Nemo durante l’intervista ad un produttore di Novello[/caption]
In my previous work as educator/social worker I met a Roman by the name of Nemo; he too was an educator, with a busy life behind him, an intriguing and multifaceted person… After years I come across him once again doing a very interesting project: a film/documentary on Nascetta, an autochthonous white grape variety of the Langa del Barolo.
Hello Nemo! Can you tell us briefly who you are?
I’m an educator with a passion for narrative. I have a background in media education and I worked in the publishing field. I’m from Rome and I moved here in the Granda in 2007, because I liked the area.
Nascetta, this unknown grape variety. What was your first contact since you come from a totally different environment? How did you get the idea of telling a story about this variety?
The first time I drank this wine was at a party in Dogliani. This wine was presented to me with the traditional name of nas-cëtta (with dieresis on the e). “Nas -… what?” I was struck by its flavor, a taste that you wouldn’t expect from a white wine.
When I arrived here in the Langhe and became its “citizen” I wanted to have a good understanding of the wine, a knowledge that I would define “wine shop expertise” because I didn’t know very much about it.
I liked the idea of expressing this “discovery of ignorance” or “relative knowledge” of wine through a documentary. I mean that people where I come from who are often considered good wine connoisseurs would have a lot to learn on the subject even from the most uninformed of the langhetti.
It’s sad to discover that you know almost nothing about something that you think you know and that’s what happened to me when I came here to the Langhe.
Who are your companions on this adventure? What are your roles?
Roughly a year after that tasting session in Dogliani (and after having “studied” a bit and after accepting the fact that my knowledge of wines was not only poor, it was practically nonexistent), I met Federico Moznich. In fact he was there too at that party in Dogliani, but we didn’t meet. He and Stuffilm, which he is a member of, at that time were making “Barolo Boys” directed by Paolo Casalis.
Another year went by and the idea seemed interesting to him so we started to work on it.
In February 2014 we started filming. Aside from me and Federico Moznich, who are writing, directing, and shooting most of the work there is also Fabio Mancari, Paolo Casalis and Alberto Cravero of Stuffilm, who took turns in shooting, sound recording, lighting, aerial shots, etc.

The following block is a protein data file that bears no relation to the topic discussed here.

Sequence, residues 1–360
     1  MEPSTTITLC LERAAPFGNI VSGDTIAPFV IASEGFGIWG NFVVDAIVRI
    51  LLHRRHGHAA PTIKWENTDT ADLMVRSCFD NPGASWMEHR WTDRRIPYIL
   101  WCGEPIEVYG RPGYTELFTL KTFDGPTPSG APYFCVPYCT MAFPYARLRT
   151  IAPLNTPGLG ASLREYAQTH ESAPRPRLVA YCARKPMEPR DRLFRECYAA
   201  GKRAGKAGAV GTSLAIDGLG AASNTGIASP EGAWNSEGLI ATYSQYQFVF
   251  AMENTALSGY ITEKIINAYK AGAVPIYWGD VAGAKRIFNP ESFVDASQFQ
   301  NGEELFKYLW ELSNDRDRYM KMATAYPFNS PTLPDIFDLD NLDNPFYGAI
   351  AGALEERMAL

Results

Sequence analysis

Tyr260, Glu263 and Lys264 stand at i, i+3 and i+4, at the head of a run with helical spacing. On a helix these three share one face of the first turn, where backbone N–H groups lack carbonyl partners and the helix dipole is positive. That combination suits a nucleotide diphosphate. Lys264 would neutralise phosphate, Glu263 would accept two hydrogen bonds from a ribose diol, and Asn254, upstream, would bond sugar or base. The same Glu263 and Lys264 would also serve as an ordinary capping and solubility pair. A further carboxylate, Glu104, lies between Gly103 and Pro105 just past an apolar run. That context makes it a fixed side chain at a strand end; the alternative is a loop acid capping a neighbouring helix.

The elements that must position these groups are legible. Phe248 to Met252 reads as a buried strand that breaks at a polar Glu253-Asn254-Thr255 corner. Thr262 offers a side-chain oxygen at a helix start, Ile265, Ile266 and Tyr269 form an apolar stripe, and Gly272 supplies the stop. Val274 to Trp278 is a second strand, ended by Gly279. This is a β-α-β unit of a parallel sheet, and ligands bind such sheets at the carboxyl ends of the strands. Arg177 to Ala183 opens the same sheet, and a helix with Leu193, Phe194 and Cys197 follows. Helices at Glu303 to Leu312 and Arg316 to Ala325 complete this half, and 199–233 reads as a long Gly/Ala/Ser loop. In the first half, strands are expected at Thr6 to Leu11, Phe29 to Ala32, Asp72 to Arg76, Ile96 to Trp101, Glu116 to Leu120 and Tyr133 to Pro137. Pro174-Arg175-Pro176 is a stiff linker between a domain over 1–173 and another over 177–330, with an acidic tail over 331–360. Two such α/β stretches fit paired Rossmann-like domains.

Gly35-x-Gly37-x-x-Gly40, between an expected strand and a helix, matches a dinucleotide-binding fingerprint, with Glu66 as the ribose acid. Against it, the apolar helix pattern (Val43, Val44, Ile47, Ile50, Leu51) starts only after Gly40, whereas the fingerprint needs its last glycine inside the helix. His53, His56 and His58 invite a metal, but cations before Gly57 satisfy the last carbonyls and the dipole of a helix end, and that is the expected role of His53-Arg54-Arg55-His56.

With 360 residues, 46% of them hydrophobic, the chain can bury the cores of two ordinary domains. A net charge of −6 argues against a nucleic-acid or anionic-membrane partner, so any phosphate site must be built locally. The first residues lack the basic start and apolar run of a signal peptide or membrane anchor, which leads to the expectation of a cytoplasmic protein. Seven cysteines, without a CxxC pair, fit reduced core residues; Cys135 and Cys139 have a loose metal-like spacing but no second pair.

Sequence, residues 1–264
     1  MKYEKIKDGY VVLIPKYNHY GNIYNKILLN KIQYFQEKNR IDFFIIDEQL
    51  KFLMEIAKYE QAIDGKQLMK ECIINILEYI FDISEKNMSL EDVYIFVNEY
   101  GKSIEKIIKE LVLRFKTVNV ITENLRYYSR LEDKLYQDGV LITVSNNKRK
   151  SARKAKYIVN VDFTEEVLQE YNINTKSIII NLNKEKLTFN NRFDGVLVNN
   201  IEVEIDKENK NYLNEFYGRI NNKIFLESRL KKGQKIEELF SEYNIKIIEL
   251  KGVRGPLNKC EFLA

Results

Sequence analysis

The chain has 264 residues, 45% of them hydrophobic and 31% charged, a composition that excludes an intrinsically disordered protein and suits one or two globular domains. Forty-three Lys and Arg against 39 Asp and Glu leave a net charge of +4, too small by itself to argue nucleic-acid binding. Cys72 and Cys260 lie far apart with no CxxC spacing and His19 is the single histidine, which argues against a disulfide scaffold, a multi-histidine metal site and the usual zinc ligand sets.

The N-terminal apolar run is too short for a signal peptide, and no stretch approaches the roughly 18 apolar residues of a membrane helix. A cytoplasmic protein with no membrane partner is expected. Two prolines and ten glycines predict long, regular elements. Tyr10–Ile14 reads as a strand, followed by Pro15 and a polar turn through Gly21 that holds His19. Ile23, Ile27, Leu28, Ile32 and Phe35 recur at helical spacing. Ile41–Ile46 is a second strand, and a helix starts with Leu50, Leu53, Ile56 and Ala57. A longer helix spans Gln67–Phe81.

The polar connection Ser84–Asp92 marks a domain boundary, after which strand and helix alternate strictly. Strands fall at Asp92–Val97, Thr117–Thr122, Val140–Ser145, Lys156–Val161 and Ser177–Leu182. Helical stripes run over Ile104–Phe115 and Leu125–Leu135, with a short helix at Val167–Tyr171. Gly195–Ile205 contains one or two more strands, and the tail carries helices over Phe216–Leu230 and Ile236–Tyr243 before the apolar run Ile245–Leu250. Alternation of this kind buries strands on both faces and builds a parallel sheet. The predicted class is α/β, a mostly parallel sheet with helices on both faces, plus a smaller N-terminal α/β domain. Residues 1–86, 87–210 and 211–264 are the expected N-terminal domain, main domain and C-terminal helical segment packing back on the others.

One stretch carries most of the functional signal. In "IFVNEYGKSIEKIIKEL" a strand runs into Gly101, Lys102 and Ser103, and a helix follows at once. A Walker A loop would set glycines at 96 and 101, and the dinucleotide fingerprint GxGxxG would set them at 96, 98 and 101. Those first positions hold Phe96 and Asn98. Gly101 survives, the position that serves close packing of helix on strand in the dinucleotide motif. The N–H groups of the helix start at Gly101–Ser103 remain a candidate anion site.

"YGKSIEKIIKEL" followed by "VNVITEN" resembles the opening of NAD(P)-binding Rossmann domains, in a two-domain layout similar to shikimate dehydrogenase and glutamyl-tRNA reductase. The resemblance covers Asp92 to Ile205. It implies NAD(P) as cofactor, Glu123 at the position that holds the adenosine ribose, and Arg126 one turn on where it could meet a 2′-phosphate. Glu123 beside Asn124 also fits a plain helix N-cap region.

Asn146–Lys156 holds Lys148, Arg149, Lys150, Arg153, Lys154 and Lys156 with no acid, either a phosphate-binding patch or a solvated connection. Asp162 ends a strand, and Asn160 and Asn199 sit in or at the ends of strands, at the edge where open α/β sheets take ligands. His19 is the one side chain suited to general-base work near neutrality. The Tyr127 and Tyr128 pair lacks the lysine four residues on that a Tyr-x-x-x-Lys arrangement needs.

What message did you want to get across? What are your expectations?
We wanted to tell the strange story of the recovery of a native white vine, in the land of the great red wine: the Langa of Barolo. Our aim was to intertwine this story with the story of a person who moves to Piedmont from Rome, the nation’s capital.
We wanted to tell about the territory, the stories of the Novello producers thanks to whom this grape variety has not gone lost. And finally we tried to be as instructive as possible by providing a good deal of information that could be useful to the consumer of wine in general, and not just to get to know this variety, the Nascetta or Nas-cëtta, and its wine.
We wanted to hand out a bit of information, even playing with irony when it comes to consumers’ ignorance, but we didn’t do caricatures. For example we thought of the comedian Antonio Albanese who bows, gurgles a sip, and then says: “Yes… it’s a red!”
Last year, here in the Langhe, the unexpected film “E fu sera e fu mattina” (And it was evening and it was morning) was released: a film by the debuting director from Alba, Emanuele Caruso, which was shot mainly in La Morra. More than 40,000 tickets were sold at the cinema and everyone in the country was talking about this film which was not only low-budget but also self-distributed. Can you explain briefly your path?
We started shooting a year ago, knowing full well that we were in a period of crisis. We decided to carry on with the documentary by investing our time in it. It wasn’t easy because this is a story that takes place over the course of a year.